Last week, the Department of Justice announced its latest installment of expanded policies meant to provide more transparency in how the Criminal Division will evaluate corporate compliance and culpability. This New Guidance, entitled “Evaluating a Business Organization’s Inability to Pay a Criminal Fine or Criminal Monetary Penalty” (the “Guidance”), specifically addresses the Criminal Division’s approach to criminal fines and monetary penalties and follows DOJ’s May guidance on the “Evaluation of Corporate Compliance Programs” and its October 2018 guidance on “Selection of Monitors in Criminal Division Matters.”1 Taken together, these announcements reflect a deliberate attempt to reassure companies that the Criminal Division will treat them fairly on issues ranging from the size of any penalty to whether a monitor is imposed and represent a trend toward a more balanced message on corporate enforcement generally.
Speaking on October 8, Assistant Attorney General Brian A. Benczkowski explained that the Guidance is meant to empower companies to “make wise decisions about how to approach us when things  go wrong.” He made clear that “[a]ll of these initiatives – on inability to pay, compliance, and monitorships – are part and parcel of our broader mission at the Criminal Division to establish more predictable guideposts by which companies can gauge expectations, conform their conduct, and act as responsible corporate citizens.”2
For the first time, the Guidance describes in detail the Criminal Division’s process for reviewing and approving fine and penalty reductions for inability to pay. If the DOJ attorneys working on a case believe that a reduction is warranted to avoid jeopardizing the continued viability of a business and/or to pay restitution to victims, the proposed reduction will be submitted to their Section Chief. Reductions of 25% or greater must obtain approval from the Assistant Attorney General for the Criminal Division.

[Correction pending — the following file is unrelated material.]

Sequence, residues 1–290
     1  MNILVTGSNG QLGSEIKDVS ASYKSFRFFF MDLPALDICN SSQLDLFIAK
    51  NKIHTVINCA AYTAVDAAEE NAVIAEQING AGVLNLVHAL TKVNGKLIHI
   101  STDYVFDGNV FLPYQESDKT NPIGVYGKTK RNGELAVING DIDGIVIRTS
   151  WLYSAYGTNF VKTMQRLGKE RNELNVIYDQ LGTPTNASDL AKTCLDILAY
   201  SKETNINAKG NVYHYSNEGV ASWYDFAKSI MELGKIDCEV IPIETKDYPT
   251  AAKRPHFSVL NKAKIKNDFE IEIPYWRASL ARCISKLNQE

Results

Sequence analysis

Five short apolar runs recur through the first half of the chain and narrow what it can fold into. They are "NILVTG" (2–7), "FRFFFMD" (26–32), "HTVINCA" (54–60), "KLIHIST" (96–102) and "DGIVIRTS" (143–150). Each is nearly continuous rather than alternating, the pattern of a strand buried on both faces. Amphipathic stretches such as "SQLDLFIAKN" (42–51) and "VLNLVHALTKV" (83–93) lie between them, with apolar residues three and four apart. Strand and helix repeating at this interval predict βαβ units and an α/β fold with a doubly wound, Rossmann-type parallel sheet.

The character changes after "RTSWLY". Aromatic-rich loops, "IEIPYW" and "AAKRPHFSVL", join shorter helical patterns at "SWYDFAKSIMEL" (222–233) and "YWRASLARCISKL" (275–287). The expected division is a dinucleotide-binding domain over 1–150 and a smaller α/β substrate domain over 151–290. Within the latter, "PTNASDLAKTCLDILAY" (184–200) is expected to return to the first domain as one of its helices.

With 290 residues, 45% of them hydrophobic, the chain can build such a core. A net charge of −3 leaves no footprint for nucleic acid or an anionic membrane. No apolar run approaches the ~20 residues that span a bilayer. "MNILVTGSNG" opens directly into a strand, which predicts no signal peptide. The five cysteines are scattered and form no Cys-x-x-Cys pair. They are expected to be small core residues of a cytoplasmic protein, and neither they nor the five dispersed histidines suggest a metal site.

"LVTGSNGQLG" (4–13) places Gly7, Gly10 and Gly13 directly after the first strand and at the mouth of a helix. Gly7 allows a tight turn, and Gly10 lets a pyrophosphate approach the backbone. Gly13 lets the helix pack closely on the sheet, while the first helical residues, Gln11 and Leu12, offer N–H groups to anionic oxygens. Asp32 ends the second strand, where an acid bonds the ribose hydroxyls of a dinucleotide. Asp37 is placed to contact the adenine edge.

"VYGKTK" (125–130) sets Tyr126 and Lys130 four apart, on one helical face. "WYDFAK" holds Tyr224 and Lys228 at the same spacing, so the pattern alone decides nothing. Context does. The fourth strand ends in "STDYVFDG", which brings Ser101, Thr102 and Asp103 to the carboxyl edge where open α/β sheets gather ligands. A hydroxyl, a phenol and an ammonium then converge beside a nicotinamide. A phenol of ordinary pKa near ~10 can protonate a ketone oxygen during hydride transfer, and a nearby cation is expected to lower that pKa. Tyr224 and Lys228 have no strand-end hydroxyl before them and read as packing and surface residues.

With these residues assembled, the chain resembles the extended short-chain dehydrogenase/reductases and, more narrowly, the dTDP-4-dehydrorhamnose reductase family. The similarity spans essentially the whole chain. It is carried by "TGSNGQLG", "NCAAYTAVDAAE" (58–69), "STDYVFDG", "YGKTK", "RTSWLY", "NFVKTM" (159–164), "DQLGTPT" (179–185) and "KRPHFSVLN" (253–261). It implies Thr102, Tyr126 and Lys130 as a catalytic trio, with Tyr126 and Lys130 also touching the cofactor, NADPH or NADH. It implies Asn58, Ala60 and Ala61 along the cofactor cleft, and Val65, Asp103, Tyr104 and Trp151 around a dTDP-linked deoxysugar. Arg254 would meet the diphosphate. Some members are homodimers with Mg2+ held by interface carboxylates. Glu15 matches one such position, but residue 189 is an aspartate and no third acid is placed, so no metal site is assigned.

The Guidance sheds light on the breadth of corporate information that the Criminal Division should consider when making its determinations of inability to pay, which can help companies plan for settlement negotiations. The Guidance puts companies on notice of (and requires prosecutors to look at) a wide variety of types of assets and income that they should expect the government to review. The Guidance also emphasizes that the “inability to pay” determination is not the threshold question, but comes only after other aspects have been agreed to. “[T]he parties must first reach an agreement as to both the form of a corporate criminal resolution (e.g., non-prosecution agreement, deferred prosecution agreement, or corporate guilty plea) and the monetary penalty that is appropriate based on the law and facts” before DOJ will consider any arguments regarding the company’s inability to pay. The Guidance includes as an appendix an Inability-to-Pay Questionnaire, which broadly outlines the categories of information that will form the basis for the determination, including cash flow projections, future profitability, insurance agreements, and liens or encumbered assets. The Guidance recognizes that the government will typically consult with an accounting expert in order to understand the business’s viability. The burden of demonstrating inability to pay remains on the company throughout the process.